Kya deLongchamps looks at the ancient roots and courtly early expressions of St Valentine’s Day.
The sugar plastered, commercial binge-fest of hearts and flowers begins again. As we meekly dart the focus of our affection with a stiff red envelope, the real St Valentine remains a mysterious figure.
First of all, because of the political push-pull of early Christian politics and the powerful influence of hagiography (written saint’s lives), there are three men who may or may not have been our man.
For the same reason, there are three possible St. Patricks, still put forward as a theory by revisionist Irish historians. One, probably real person would do something wonderful in the name of the early Christian church.
A century or two later, another real person of the same name might do something equally wonderful or might have been murdered in a particularly egregious, juicy fashion.
For the sake of perking-up the propaganda surrounding their deed or to increase the prestige of a native city or religious order in the Middle Ages, the two characters would be synthesised into one.
They would be further slathered in a few miracles, the life scratched out on vellum in a biography of a single martyred saint.
Valentine or more properly in Latin — Valentinus, was a popular and well muscled name meaning ‘worthy, strong, powerful’.
The Roman Catholic Church remembers a grand total of 11 St Valentines who acted out wondrous, holy, brave daring-do.
The first St Valentine of Terni (Italy) turns up in the written records in the 5th century and has the most favoured story for our patron saint of courtly love.
In the third Century AD, Valentine, an outspoken, devoted priest, attracted the attention of a provincial judge and later the local Roman prefect in Terni (the Romans were always on the lookout for troublemakers who might prove lightening rods in the local communities).
After repeated misbehaviour, he was finally sent to Rome and jailed for the crime of proselytizing in the name of Christ.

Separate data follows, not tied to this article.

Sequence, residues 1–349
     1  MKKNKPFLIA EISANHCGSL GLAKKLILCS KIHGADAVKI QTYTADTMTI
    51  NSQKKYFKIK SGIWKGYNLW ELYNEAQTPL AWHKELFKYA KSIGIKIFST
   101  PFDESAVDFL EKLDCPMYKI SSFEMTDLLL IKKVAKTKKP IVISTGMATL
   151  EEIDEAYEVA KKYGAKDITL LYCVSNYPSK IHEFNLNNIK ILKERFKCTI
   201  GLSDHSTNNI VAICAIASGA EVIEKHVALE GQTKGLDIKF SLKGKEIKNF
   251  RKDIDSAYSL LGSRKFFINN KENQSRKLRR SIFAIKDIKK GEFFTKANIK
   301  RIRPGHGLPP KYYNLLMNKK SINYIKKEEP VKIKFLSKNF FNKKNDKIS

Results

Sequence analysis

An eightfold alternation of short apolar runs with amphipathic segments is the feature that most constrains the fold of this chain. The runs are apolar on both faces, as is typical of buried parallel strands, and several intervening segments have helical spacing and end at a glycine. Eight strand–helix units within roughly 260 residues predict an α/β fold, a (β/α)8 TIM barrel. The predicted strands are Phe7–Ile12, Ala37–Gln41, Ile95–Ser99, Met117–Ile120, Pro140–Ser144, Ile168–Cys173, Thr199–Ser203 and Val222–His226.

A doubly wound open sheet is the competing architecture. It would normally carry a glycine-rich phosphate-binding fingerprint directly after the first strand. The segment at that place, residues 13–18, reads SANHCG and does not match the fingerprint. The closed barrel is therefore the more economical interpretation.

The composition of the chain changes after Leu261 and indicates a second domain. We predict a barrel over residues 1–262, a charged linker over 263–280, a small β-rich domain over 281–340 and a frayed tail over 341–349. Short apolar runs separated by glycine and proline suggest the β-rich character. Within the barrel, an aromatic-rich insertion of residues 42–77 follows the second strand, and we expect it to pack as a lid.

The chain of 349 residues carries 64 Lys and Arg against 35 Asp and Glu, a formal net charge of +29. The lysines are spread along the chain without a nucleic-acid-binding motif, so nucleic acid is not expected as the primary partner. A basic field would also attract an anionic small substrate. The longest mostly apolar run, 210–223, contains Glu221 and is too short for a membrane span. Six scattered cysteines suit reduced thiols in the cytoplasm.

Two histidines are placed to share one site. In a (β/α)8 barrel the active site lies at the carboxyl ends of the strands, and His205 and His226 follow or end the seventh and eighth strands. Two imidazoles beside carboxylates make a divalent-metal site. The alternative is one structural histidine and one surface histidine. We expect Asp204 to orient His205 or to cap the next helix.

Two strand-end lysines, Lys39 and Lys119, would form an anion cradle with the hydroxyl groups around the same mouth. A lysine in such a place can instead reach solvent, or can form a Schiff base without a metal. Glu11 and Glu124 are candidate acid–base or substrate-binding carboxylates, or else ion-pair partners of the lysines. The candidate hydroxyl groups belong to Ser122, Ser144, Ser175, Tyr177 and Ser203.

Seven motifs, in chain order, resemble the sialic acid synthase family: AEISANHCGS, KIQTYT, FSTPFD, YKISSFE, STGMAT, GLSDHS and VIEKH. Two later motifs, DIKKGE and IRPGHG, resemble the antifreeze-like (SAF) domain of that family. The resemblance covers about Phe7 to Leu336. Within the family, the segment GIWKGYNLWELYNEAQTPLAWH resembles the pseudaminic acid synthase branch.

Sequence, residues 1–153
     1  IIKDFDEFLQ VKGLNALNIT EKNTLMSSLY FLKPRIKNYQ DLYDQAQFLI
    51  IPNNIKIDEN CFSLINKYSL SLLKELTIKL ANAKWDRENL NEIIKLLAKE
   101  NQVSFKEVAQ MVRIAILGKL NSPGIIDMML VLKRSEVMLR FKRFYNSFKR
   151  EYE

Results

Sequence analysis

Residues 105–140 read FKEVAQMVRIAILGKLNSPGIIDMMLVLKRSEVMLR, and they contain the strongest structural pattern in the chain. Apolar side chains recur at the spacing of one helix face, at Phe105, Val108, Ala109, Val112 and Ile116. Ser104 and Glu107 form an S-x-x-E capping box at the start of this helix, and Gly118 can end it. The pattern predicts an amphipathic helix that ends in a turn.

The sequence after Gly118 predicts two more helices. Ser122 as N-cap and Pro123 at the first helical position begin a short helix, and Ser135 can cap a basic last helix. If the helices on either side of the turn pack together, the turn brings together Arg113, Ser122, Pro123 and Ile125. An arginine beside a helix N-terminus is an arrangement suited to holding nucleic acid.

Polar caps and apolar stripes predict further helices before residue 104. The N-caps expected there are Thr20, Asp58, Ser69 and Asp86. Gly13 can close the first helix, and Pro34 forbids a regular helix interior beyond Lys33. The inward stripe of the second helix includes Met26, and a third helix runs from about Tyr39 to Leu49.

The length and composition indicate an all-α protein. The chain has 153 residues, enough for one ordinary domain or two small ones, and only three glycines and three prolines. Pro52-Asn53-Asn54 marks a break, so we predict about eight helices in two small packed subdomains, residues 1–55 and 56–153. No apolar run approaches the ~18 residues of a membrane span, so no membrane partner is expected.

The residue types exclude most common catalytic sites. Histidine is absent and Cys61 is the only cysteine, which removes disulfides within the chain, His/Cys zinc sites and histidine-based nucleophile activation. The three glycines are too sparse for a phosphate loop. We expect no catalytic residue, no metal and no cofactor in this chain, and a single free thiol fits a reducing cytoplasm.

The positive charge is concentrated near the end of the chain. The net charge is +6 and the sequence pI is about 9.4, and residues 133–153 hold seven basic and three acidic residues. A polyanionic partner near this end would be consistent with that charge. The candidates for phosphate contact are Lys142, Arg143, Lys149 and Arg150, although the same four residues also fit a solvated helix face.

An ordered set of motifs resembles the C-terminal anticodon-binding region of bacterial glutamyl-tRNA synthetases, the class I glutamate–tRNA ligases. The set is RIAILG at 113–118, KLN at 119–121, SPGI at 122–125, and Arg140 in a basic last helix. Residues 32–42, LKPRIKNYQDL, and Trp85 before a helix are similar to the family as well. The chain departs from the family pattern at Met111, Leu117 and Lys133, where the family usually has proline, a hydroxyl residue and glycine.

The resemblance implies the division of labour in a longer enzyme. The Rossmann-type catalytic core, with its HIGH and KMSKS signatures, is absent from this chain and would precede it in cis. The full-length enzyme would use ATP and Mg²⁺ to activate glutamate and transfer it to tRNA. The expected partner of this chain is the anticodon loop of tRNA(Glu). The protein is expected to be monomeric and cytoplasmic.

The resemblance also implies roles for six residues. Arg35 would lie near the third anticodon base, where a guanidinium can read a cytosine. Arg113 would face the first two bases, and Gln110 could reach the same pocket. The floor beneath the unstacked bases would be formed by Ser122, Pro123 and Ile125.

He must have been a personable engaging man as despite his perilous position, this Valentine somehow became relatively pally with Emperor Claudius Gothicus (not the one of ‘I Claudius’ fame, but Claudius II).
This unlikely bromance swiftly fell apart when Valentine suggesting the emperor might like to give up his polytheism, pop down to the Tiber for an immersion, and follow Jesus Christ for eternity.
Not a man to be gainsaid, Claudius proscribed that the priest be beaten with clubs— sheer entertainment for the watching crowd — and then beheaded. It was, it is said, the 14th of February, 269AD.
After that, Valentine, if this is indeed our man, recedes into a romantic haze of later storytelling.
Father of modern literature, Geoffrey Chaucer, who you might remember from reading The Canterbury Tales at school, mentioned a St. Valentine’s Day falling sometime in the Spring, in the 1370s.
Somewhere over the course of a thousand years, the twinning of Valentine and romantic love had emerged.
In the 15th century in a German hagiography, it states that Valentine had died at the Flaminian Gate, for marrying young soldiers to their sweethearts while in prison in Rome.
This was not simply annoying for his captors, it infuriated the Emperor who could not then send these men to war. Here is our link in fiction if not in fact, and the beginning of the secular celebration of St Valentine’s Day today.
The loathsome Edmund Spenser (1552-1599), not Hallmark Cards came up with the jaded ditty — ‘The rose is red, the violet’s blue, The honey’s sweet and so are you’ — etc and so on in his epic poem, The Faerie Queene (1590).
The work was influenced in part by his time here in Ireland as secretary to Lord Grey, Lord Deputy of Ireland, although he was far from amorous in his attitudes to the Irish.
We all love to love, and by the 18th century St. Valentine’s Day was set as a time of flowers, cupid encrusted notes and (most importantly) edible sweeties as tribute to a female.
Young men were expected to make things up in the early 1700s (you can only imagine the inward struggle and balled paper).
‘Chapbooks’ or writing aids, were available for all ranks to help dumbstruck Romeos shine in verse. The Tower Project at the Cambridge University Library turned up this suggested ode from an 18th century fishmonger.
“Thy skin is a whiting, thy eyes, As bright as the scales of my fish, My turtle, my sole, thee I prize, Accede then, I pray to my wish.” Who could resist? She could return the following cruel verse if she didn’t fancy a life behind the counter:
“Sir, as a flounder, I am flat, And have been so through all my life, So flatly tell you – worthless sprat, I never will become your wife.”
The Georgians also enjoyed giggling gatherings to ‘draw names’ out of a hat or vessel to select their potential recipient. If you were bold enough, you could make a heart shaped piece of paper declaring your beau’s name and ‘wear your heart on your sleeve’.
Sentimental ready-printed cards edged in lace and beautifully illustrated appeared in the early 19th century.
These Victorian cards using paper embossing, applied flowers and puzzles are widely collected and still exquisite with feeling.
If you are lucky enough to find an early Valentine card, keep this and any ephemera out of the light.and in acid free paper and boxes or you will break my heart..
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